celebrates 15th year with new Two Days of Anime tent

by Gil Asakawa  2014 CDBF 1_-¬2014 Hern+índez-Ponce Photography 9

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Get ready for
CDBF 2015!

WHAT: 15th Annual Colorado Dragon Boat Festival, the region’s largest celebration of pan-Asian culture

WHEN: Saturday and Sunday, July 18-19, 2015

WHERE: Sloan’s Lake Park, 25th Ave. & Sheridan Blvd, Denver

COST: FREE admission!

PARKING: Sports Authority Field with FREE shuttle buses to the festival!

FOR MORE INFORMATION: http://www.cdbf.org



The Colorado Dragon Boat Festival returns to Denver’s Sloan’s Lake Park on July 18-19, 2015 with over 100 Asian and Asian American performances on five stages, authentic Asian cuisine at two Taste of Asia Food Courts, a colorful Asian Marketplace and Wellness Village and of course the ancient, exciting sport of Dragon Boat Racing. For the 15 Annual CDBF on July 18-19, 2015, the festival introduces a new festival feature: Two Days of Anime, a tent screening a variety of family-friendly Japanese animation all weekend!
Two Days of Anime will be programmed by Colorado Anime Fest, the newest addition to Colorado’s rich anime and manga (comics) scene (www.coloradoanimefest.com). Anime is one of the most popular forms of Japanese culture to be embraced by fans of all ages in the U.S., with series aimed at viewers from children to adults. In the Two Days of Anime tent, festival guests will be able to enjoy – or be introduced to – anime from kids’ cartoons to epic science fiction action films.
Two Days of Anime will also feature a very special guest, Chuck Huber, who is an American voice actor, Automatic Dialogue Replacement director, and script adapter who works primarily for FUNimation. He’s best known as Hiei in “Yu Yu Hakusho,” Dr. Stein in “Soul Eater,” and Austria in “Hetalia.” Huber will be on hand to speak to fans and sign autographs.
In the Gateway to Asia area, the cultures of Indonesia and the Hmong community will be spotlighted with exhibit tents and performances, and a special display about artifacts from the Amache Japanese American concentration camp in southeast Colorado will be assembled.
Many of the spectators who come every year to the Colorado Dragon Boat Festival are there for the “main event”: The dragon boat races. This year, 48 teams representing companies, communities and organizations will compete in two competitive divisions using two different types of boats. Each team will have family and friends on hand to cheer them on. And everyone will be cheering on the three Wound Warrior Race Teams who will be competing this year!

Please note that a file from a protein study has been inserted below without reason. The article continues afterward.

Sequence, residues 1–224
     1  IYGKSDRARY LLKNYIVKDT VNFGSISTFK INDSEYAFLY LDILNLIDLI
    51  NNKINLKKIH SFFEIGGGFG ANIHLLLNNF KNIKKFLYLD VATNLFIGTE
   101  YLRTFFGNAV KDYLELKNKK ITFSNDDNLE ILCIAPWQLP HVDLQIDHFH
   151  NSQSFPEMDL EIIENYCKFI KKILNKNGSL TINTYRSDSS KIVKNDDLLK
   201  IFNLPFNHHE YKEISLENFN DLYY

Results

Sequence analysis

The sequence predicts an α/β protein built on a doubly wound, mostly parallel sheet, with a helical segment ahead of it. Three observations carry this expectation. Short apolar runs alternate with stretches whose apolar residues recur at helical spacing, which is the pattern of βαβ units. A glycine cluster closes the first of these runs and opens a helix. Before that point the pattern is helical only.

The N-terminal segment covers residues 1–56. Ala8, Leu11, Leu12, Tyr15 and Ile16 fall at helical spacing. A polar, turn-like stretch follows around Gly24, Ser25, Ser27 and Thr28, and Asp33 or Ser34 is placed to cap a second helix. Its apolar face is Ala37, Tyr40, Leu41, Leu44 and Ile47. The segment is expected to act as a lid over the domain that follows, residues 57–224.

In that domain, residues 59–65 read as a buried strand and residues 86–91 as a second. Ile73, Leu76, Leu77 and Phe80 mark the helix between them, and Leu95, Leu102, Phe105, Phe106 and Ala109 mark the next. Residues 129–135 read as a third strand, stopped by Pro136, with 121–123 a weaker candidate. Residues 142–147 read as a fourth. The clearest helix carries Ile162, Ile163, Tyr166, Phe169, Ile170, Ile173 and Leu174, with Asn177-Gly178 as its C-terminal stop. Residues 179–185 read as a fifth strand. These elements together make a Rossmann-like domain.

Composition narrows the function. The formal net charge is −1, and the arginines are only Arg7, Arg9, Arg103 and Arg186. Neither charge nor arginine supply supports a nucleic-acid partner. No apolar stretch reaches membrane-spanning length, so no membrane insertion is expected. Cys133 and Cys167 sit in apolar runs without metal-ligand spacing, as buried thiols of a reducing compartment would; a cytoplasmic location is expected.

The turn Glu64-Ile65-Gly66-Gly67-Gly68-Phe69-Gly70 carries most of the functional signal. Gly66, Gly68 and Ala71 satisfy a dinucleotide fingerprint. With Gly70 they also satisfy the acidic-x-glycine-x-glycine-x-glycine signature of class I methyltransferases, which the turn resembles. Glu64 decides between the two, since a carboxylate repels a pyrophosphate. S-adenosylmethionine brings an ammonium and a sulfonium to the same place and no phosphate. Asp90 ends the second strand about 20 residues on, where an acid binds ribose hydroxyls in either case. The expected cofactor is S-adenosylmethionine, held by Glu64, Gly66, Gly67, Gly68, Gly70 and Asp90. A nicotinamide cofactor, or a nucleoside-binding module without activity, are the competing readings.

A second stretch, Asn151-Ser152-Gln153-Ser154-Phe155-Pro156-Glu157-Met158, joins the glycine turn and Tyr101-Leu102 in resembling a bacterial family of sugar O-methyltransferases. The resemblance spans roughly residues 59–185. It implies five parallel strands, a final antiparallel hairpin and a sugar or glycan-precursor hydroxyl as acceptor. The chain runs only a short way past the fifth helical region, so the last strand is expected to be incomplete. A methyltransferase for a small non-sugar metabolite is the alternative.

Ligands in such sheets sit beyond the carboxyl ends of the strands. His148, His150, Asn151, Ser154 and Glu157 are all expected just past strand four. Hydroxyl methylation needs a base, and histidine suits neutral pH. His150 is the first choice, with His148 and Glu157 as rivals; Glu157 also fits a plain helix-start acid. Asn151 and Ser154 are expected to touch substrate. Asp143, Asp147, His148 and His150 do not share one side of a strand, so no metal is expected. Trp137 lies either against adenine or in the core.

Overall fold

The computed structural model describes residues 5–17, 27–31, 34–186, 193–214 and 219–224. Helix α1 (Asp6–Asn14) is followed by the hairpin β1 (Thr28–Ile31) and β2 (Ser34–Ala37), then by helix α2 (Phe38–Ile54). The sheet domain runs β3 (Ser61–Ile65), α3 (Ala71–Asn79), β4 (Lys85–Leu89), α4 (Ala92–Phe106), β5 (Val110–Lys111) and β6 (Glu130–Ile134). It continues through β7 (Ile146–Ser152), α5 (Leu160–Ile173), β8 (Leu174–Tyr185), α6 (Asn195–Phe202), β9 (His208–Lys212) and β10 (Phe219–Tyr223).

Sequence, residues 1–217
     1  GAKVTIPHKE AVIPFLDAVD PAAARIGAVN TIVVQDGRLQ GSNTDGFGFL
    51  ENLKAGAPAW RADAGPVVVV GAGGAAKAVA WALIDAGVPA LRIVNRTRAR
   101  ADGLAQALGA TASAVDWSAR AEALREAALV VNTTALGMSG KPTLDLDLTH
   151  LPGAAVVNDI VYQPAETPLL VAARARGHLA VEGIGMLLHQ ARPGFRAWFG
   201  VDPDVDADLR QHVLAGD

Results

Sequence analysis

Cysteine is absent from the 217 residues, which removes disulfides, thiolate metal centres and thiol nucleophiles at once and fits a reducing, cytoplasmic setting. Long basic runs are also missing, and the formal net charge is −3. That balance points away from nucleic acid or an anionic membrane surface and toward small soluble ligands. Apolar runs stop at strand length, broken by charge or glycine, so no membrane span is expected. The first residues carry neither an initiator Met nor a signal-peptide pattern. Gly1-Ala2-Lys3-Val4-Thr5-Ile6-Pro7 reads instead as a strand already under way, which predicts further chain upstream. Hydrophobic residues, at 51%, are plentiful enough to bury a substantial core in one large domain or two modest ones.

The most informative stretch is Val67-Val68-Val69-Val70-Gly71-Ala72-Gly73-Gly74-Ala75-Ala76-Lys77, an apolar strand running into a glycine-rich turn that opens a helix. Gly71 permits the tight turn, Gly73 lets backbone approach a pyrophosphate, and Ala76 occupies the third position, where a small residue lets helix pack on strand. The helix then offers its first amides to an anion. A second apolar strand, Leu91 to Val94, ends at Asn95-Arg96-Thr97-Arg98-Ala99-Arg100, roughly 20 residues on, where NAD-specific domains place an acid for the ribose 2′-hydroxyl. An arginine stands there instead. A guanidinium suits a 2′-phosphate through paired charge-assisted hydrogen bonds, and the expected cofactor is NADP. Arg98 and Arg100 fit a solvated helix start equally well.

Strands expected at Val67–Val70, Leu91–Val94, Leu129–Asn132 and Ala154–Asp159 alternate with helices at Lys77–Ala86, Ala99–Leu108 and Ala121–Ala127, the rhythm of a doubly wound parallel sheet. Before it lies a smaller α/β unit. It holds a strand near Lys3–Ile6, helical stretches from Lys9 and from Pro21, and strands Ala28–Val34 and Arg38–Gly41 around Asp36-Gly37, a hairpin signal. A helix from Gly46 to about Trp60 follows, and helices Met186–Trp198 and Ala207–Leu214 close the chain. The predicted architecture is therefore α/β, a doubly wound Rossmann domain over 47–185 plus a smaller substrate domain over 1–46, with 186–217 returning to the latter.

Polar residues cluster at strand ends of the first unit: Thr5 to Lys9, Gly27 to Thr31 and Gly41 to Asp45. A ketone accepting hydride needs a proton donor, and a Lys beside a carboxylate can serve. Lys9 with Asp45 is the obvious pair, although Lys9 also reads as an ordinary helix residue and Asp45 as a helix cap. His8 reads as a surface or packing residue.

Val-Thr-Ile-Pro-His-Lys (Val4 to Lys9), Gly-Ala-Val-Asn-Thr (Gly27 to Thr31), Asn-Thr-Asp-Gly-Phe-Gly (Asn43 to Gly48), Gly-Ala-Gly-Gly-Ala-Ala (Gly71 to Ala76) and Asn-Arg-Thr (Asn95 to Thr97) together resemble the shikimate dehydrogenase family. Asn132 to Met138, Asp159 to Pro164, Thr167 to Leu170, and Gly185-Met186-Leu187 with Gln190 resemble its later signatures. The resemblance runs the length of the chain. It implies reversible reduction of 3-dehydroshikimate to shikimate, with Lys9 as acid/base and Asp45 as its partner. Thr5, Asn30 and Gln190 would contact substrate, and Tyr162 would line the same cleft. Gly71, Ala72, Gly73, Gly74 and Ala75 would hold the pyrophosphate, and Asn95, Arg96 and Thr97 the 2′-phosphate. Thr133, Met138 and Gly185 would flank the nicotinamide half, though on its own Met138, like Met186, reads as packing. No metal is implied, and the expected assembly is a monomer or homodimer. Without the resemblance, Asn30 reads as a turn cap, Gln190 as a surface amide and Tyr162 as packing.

In 2014, the first Wounded Warriors team of disabled veterans raced during the festival and placed fifth overall. This year, we’ll feature a team from the Wounded Warriors Project, a team of multi-era disabled veterans from the Veterans Administration, and a team of civilians that includes caregivers and supporters of these American heroes.
The Wounded Warriors teams are organized by Adaptive Adventures, a national non-profit organization that provides “life-changing opportunities for individuals with physical disabilities and their families. Through freedom of mobility, the organization empowers individuals and helps them build the confidence and gain the inspiration to accomplish their life goals.”
Adaptive Adventures states on its website (http://adaptiveadventures.org), “Dragon Boat racing creates an inclusive environment where people of all fitness levels and abilities can unite as a team and have fun! It focuses on working as a team to achieve one common goal, the finish line. Outside of competitions, Dragon Boat teams provide a community where you can find commitment, encouragement, and support.”
The Colorado Dragon Boat Festival has built that community for the ancient sport of dragon boat racing for 15 years. It’s also celebrated the region’s thriving and diverse Asian and Asian American communities since 2001, and last year brought 125,000 people to Sloan’s Lake Park to enjoy the performances, shop and dine in the Marketplace and Taste of Asia Food Courts.